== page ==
Contemplation Exercises

The education of the will is the object of our existence

-
Ralph Waldo Emerson

Contemplation exercises involve posing a question to yourself, such as: "What do I really want?" and then exploring, without editing, the thoughts and images your mind generates. This kind of contemplative investigation can yield some interesting experiences and help you access your Core Motivation.

Guided Contemplation I: Ask Alice

Alice in Wonderland did not know which way to go, so she asked the Cheshire Cat. He, in turn, asked her a question that makes all the difference. Please click the link to: Ask Alice (approximately 20 minutes). Follow the script, let your attention go wherever it wants to go, and watch what happens.



Guided Contemplation II: Exploring Meaning

To research your core motivation you are invited to participate in an experience that combines a trance-formative induction  with the intention to consider the questions listed below:

  • Who am I and where am I going?
  • What is meaningful for me?
  • What do I stand for?
  • What do I really want for my finite life span?
  • What must I do to get what I want?

So now, or when it is convenient for you, get into a dispassionate mind set so you can access your best cognitive resources, listen to the Short Harmony audio file to quiet the mind, let your attention go wherever it wants to go, and watch what happens. Once you return to your Abstract Processing System, make notes of your experiences, imagery, insights.



Guided Contemplation III:

Following the same protocol as above, consider these questions:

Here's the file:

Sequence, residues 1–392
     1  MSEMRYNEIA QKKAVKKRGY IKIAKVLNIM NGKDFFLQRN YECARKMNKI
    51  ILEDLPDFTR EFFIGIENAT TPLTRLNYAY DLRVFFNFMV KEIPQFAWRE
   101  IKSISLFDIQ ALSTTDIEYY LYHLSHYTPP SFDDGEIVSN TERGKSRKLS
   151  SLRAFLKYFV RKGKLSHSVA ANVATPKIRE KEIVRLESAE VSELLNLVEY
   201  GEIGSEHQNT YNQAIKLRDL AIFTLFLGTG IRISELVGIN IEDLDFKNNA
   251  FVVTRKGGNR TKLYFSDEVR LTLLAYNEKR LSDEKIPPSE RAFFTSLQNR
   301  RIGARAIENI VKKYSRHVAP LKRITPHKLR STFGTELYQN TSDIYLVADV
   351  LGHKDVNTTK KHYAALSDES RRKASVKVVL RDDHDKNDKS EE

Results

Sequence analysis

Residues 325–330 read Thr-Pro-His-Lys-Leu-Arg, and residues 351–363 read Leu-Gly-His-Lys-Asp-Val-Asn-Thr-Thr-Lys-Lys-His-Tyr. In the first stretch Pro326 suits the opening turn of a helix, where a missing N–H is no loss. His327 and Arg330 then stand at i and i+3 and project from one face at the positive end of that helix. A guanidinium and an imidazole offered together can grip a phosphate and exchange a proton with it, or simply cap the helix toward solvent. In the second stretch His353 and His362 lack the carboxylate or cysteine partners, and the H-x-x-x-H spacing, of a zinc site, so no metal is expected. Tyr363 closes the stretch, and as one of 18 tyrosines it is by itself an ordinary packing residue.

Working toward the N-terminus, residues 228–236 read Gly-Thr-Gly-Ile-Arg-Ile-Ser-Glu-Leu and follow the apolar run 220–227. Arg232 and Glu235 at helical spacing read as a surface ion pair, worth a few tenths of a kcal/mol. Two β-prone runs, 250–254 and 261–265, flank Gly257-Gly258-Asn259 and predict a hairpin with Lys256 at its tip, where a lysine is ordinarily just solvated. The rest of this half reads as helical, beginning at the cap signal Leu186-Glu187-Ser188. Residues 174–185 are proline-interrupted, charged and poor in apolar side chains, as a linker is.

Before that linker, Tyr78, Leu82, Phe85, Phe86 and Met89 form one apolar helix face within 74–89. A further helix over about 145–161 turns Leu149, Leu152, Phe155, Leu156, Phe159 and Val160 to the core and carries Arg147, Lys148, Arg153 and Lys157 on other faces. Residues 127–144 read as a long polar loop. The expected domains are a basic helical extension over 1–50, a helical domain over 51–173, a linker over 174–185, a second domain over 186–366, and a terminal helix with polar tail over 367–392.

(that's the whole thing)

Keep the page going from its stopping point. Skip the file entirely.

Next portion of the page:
• What qualities do I most admire in others that I would like to cultivate in myself?
  • How would I most like to be remembered?
  • What is most meaningful to me?
  • With which philosophy, spiritual truths, or abstract principles do I most identify?
  • Looking back over my life, what activities have I found most satisfying?
  • When have I felt most alive?
  • What do I have in my life that I most cherish and enjoy?


If you are ready to declare your Core Motivation, please click here. Otherwise, continue your research by using Nietzsche's concept of Eternal Recurrence.

Thus Spake Zarathustra

Nietzsche's protagonist, Zarathustra describes two roads:

"One leads from the past, the other from the future, meeting at a gateway where I now stand (the present moment). But the complex of causes in which I am entangled will recur — it will create me again! I am part of these causes of the eternal recurrence. I shall return, with this sun, with this earth . . . not to a new life or a similar life. I shall return eternally to this identical and self-same life, in the greatest things and in the smallest, to teach once more the recurrence of all things."

Nietzsche was proud of his 'discovery' of Eternal Recurrence, and there is more to it than at first meets the eye. The value of this exercise is unrelated to the validity of the concept; instead, the focus is on the choices you would make if it were true. Suspending your disbelief and acting as if this weird premise was valid can reveal your core motivation.

Thought Experiment: Eternal Recurrence

Consider the conflict you will experience during a future high-risk situation you are likely to encounter in the future. In evaluating your choices assume nothing but the premise of Eternal Recurrence. Act as if the path you select now will be the very same path you will be condemned to repeat for eternity. How would you behave if you were free from all constraints? Abandon all the "shoulds" and all the restrictions associated with the morality conditioned into you since childhood. For this experiment we are purposely choosing to ignore any concept of good and bad, right and wrong. You are free to make whatever choice you want, knowing that you will encounter the same choice point and make the same decision with the same consequences again during each of your recurring lifetimes — for eternity.

This strange exercise of viewing each choice as if it had eternal repurcussions forces you to shift perspective from the actor driven by immediate fears and desires to the perspective of the dispassionate observer who loyalties go beyond immediate payoffs.

We are all going to die in the end. What do you want to govern your choices between now and then?


 

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